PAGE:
Be smart, cover yourself.  Every time a teen comes to talk to me – for any reason, at any time – I record it in a log.  My office door has a window in it.  I never allow myself to be in a one-on-one situation with a teen without another adult close at hand.  I know it will be hard to always be diligent every time always, but you need to protect yourself.  Accusations are as harmful as convictions.  Whether you did something or not, it can end your career.  Document what you talk about to teens and when you talk to them, make others aware of who you are meeting with, if you can, do so in a public place. Meeting with a teen at a local coffee shop can still provide a one-on-one conversation while also protecting you from the implications of meeting behind closed doors.  Be smart, be careful and protect yourself.  You cant help anyone if you get fired and aren’t able to minister anymore.

Finding yourself out of your depth or disconnected is a fast track to burnout, so be careful.  Find time to decompress, reflect and pray.  Be mindful of finding time where you can be outside your duties as minister and to feed yourself.  If you are good about this, you will help your teens far more than taking on too much, working too hard and burning out.

Looking For A Guest Blogger?

Posted: October 29, 2014 in Uncategorized

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Youth Ministry is a group sport.  Too often we think of ourselves as on our own teams, coaching and recruiting a winning lineup to, what, compete against other ministries?  It seems silly when you put it like that, but in a lot of ways, that’s EXACTLY what we do.  We stack numbers against each other’s groups, we boast the biggest events, the most active teens, the best logos…

Instead, we at Handy Dandy want to help connect one another.  We are more powerful together than pitted against one another, and we all have the same goal: to inspire teens into a life worthy of the calling of Jesus Christ.  That is the purpose of this blog, in the way that we try to encourage, educate and equip youth directors with some new, fun, exciting or enlightening materials.  But, if we are truly trying to further the kingdom, our reach has become only as limited as this blog and it’s (few) followers.  That is not enough!  So, we are reaching out, calling all youth bloggers!  We at Handy Dandy are looking to partner with other youth blogs and provide guest content as a way of connecting into a web of Christian-Youth-Worker-Blog-Helping-Infoness…we’ll work on a better term later.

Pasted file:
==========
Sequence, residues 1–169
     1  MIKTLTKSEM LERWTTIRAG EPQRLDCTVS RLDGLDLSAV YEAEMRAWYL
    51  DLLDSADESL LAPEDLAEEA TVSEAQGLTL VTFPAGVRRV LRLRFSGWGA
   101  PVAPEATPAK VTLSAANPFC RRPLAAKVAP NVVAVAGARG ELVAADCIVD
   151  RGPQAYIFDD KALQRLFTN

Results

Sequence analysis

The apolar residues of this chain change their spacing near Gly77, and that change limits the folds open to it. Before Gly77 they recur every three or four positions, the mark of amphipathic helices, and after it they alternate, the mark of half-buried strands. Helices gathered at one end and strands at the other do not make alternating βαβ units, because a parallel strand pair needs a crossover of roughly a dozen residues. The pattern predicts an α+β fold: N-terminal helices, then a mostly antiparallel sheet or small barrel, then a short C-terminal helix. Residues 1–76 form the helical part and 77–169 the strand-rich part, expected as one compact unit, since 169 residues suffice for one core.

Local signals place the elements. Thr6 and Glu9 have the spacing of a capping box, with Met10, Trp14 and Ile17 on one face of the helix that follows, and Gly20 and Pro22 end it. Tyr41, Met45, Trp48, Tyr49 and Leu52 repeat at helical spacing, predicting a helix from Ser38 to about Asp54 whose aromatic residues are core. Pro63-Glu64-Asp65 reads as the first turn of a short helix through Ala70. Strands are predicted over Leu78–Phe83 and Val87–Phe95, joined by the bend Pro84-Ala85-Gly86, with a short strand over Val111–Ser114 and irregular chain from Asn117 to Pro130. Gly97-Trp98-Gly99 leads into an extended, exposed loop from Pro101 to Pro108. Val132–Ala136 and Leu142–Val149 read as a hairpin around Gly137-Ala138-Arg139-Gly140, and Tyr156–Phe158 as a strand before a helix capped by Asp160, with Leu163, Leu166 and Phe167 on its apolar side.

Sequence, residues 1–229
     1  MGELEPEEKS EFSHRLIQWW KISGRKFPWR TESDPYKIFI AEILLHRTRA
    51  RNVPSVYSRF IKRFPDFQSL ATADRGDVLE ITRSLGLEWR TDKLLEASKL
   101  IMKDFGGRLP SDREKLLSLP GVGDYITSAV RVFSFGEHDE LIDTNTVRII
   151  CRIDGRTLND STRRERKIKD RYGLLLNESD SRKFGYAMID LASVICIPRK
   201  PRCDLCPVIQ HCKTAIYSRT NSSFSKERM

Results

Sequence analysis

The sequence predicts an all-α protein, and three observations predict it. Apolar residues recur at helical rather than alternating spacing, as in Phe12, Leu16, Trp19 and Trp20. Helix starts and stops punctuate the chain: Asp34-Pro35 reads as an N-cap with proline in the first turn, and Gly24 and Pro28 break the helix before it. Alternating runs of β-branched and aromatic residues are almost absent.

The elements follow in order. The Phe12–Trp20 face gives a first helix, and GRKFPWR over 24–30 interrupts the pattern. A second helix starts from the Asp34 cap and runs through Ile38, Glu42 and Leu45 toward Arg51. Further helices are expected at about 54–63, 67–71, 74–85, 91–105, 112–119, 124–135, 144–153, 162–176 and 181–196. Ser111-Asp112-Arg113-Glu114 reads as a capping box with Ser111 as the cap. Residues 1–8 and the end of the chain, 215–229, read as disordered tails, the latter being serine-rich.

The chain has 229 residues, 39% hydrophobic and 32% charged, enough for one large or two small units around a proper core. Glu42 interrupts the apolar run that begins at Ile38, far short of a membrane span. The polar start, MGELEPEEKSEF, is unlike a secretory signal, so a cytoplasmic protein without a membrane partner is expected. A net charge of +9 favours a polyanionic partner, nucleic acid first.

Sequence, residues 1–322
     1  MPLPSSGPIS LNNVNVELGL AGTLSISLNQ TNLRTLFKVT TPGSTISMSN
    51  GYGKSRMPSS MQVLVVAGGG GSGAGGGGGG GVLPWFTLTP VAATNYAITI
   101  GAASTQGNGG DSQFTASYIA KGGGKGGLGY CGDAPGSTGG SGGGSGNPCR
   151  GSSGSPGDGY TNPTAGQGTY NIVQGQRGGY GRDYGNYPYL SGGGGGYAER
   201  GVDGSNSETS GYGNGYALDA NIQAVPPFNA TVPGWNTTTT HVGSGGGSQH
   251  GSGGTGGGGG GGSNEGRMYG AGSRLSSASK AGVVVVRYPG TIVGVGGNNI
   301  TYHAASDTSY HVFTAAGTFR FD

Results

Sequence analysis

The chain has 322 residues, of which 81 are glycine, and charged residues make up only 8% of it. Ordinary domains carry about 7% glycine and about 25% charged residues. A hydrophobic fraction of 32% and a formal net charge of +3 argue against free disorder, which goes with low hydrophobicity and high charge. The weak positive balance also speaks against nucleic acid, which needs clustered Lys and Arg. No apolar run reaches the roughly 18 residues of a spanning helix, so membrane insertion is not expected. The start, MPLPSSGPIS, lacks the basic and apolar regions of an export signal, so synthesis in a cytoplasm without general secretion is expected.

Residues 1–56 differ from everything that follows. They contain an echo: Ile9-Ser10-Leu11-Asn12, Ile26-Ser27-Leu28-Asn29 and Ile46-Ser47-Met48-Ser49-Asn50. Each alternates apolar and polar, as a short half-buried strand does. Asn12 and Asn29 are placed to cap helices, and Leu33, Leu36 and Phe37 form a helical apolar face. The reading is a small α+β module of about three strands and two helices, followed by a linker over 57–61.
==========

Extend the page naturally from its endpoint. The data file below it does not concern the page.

If you are interested in having Handy Dandy Youth Ministry do a guest post, or have our content creator Kellen Roggenbuck create content for your blog, let us know!  We can’t promise we can accommodate every request, but we sure will try!  Our only request is that you link back to us here so that all of our free and helpful content can reach as many people as possible.  We will hopefully also be adding a page that will link to all of our guest posts on different blogs, so that we can – again – create that web of Christian-Youth-Worker…stuff.  Comment or contact us directly.  Thanks!

To Brand or Not To Brand…

Posted: October 7, 2014 in Uncategorized

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There are plenty of thoughts out there about youth group branding, and as someone who has done a fair amount of branding, I wanted to share some thoughts on both sides of this issue.  I am obviously biased toward branding, so I bet you can guess what I will conclude with, but I will do my best to discuss some thoughts on both sides of the issue.  And then I will end biasedly.

Brand recognition.  Creating a brand can be a good way of promoting your youth ministry quickly and easily by slapping your logo on everything you do.  The first time I tried branding, the first thing I did was order t-shirts for the youth to wear to school.  I saw an immediate response in the amount of guests wanting to come to youth group simply by becoming aware of their friends’ affiliation.  So when I put posters out in the community, advertise on Facebook or create shirts and other takeaways, the logo is always displayed.  But, this can have the opposite effect as well; if only one group of friends display their shirts, it can appear that the group is only for them; if members of the group wear it while breaking rules, swearing loudly or selling black market organs, your brand is now associated with the wrong sort of message.

Unity. Another reason I first tread the way of branding with my first youth group was that we were a group divided between two rival school districts.  Each group of teens identified with their school over their church and there was tension in the group.  By adding and promoting a unified group through a name and brand, I was able to move past the rivalry and create new bonds.  A possible problem with this that a youth subculture may develop and you can see a silo effect with your ministry from the wider church which is something you need to avoid at all costs.